Introduction:

In this investigation, I will investigate whether the more hours of TV watched the greater your IQ. My results came from secondary data from Mayfield. It consists of various different information such as height and weight of 813 students in both KS3 and KS4. It does not matter that the data is secondary as it is still accurate. I will randomly sample 30 people and collect this information through secondary data. To random sample you type into your calculator RAN# (amount of results -1). On the Mayfield data excel page each row corresponds with a number. Each time a new number comes up you record the number you received. If you get the same number twice, you move onto the next number. If data is missing, you move onto the next number. When you receive 30 data for each variable you stop sampling. My data was very limited as I only had a sample of 30. This is because the bigger the sample, the more accurate my results. I could improve my results by repeating the investigation to come to a solid conclusion. This will enable me to come to a conclusion to whether the amount of hours TV watched will affect your IQ level. With this data I can draw a scatter diagram and spearman’s ranking to determine whether the correlation is positive or negative.

Hypothesis:

My hypothesis is ‘the more hours of TV watched, the greater the IQ and therefore predict that there will be a strong positive correlation. This is because television is known to be insightful and full of thought provoking content. TV is also highly informative, educational, therefore stimulates the brain. Moreover, television is the most powerful mediums of communication that can not only improve a person’s IQ but help people interact with one another. To investigate this hypothesis I am going to plot a scatter graph of the amount of hours TV watched against a person’s IQ and draw a line of best fit. This will tell me if there is a positive or negative correlation. I hope to prove this hypothesis in my investigation.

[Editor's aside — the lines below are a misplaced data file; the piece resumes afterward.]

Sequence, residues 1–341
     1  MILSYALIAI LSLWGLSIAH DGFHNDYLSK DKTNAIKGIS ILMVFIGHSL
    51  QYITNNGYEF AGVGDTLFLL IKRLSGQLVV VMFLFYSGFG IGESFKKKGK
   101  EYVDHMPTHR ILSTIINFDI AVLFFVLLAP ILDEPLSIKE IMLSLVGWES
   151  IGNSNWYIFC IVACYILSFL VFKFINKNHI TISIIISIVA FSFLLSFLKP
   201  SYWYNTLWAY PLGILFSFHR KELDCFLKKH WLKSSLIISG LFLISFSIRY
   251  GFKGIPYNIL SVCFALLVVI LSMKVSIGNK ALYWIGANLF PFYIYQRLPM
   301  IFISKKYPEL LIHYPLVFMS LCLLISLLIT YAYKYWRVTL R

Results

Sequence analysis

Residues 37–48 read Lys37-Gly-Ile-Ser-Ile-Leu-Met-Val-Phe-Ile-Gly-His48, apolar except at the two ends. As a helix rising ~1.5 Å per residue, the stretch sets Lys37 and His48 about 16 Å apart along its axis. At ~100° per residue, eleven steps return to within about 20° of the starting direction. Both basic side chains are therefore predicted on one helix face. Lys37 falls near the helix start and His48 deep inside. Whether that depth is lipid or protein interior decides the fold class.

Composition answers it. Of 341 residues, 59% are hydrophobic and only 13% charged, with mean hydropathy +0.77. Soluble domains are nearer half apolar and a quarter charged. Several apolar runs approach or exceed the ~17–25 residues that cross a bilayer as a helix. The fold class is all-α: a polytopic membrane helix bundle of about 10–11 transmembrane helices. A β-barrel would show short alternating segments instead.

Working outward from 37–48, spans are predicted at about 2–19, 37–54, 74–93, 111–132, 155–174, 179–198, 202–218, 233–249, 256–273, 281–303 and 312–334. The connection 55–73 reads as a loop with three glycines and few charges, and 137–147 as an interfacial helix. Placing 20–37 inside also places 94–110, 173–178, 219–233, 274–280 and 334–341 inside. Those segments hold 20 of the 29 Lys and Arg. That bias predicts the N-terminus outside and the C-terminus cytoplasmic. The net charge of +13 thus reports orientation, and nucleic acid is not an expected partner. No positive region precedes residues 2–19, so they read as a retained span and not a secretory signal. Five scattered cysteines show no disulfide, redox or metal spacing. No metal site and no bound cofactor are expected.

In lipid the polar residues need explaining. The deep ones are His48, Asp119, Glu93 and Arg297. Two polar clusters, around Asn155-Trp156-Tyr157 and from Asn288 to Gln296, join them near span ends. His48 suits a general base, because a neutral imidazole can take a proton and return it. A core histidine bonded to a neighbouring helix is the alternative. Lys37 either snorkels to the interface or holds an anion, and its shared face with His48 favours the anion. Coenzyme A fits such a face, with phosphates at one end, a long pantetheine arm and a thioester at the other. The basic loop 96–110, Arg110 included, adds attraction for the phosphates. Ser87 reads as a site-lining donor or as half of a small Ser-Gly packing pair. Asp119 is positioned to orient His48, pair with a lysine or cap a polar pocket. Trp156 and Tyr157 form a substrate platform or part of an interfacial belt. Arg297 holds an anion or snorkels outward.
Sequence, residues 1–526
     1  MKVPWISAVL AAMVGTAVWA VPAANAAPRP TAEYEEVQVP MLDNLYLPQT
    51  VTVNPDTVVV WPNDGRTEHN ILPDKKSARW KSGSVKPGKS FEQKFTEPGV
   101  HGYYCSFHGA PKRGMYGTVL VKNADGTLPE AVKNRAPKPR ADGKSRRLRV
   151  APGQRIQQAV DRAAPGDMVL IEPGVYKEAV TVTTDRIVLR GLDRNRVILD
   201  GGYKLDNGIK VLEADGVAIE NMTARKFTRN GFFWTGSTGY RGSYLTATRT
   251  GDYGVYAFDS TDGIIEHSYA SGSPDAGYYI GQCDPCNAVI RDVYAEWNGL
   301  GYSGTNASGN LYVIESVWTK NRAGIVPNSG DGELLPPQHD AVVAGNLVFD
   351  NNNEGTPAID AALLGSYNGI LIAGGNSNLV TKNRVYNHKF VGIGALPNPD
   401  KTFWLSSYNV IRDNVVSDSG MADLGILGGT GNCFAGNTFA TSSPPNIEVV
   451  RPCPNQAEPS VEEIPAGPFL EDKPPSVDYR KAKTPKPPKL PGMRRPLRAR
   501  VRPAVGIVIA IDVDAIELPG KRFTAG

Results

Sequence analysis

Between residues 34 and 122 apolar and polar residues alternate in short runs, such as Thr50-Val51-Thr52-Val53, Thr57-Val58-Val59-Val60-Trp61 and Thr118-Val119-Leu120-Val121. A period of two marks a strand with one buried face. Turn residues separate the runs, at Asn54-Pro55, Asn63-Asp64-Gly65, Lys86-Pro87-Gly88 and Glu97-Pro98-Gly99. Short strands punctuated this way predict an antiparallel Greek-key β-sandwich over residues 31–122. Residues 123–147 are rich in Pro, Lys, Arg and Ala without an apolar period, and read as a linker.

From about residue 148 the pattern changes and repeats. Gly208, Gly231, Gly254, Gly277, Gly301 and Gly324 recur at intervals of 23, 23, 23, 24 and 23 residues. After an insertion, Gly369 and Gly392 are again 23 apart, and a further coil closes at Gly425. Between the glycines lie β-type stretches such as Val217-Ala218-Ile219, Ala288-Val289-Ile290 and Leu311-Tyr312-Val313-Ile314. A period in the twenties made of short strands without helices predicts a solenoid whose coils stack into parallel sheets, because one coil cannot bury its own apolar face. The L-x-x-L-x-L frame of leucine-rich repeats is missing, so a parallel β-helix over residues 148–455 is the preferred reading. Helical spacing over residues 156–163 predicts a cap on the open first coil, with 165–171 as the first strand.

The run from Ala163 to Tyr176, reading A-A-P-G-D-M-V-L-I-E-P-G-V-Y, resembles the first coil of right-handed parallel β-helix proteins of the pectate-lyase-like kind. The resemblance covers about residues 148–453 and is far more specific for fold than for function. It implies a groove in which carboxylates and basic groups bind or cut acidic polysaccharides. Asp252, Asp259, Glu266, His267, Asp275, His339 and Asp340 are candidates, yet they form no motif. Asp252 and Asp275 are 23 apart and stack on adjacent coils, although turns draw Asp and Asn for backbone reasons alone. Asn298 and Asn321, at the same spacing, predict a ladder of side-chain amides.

Data-handling:

If I was to be doing comparison, I would find the mode, median and mean for each variable and draw a box-plot. However, I am doing relationship so with this data I can plot my results onto a scatter diagram and determine whether the correlation is positive or negative. I will also be using spearman’s ranking to check whether the correlation is correct. During this investigation I did not encounter any problems as I calculated my results to the upmost accuracy.

Spearman’s ranking:

You can do spearman's rank by first stating your hypothesis, ranking both sets of data in descending order and getting the difference between the sets. Square this value, add them all up and then use the formula where n is the number of ranks. My spearman’s rank shows a strong positive correlation as my result is closer to 1. If my result is smaller than 0.5 it is negative correlation whereas if my result is closer to 1 it is a stronger positive correlation. However, my answer was 0.94 which shows that the correlation not only is positive but strong positive. This means as the amount of hours watched gets larger, the IQ gets larger to.

Scatter graph:

A scatter plot is a statistical graph showing the relationship between two variables. One variable is shown on the horizontal (X) axis, and the other on the vertical (Y) axis. Each subject is plotted with a point that corresponds to that subject's X and Y scores. For example: IQ and amount of hours TV watched. My scatter graph shows that there is a strong positive correlation between the amount of hours TV watched and the IQ level. This means that the more hours TV watched the higher the IQ which supports my hypothesis. All my working out and results were accurate so my conclusion and the outcome of this investigation is reliable.

Spearman’s ranking:

TV

RTV

IQ

RIQ

D

D

15

11

101

5

6

36

10

8

102

6

2

4

6

5.5

102

6

-0.5

-1

42

22…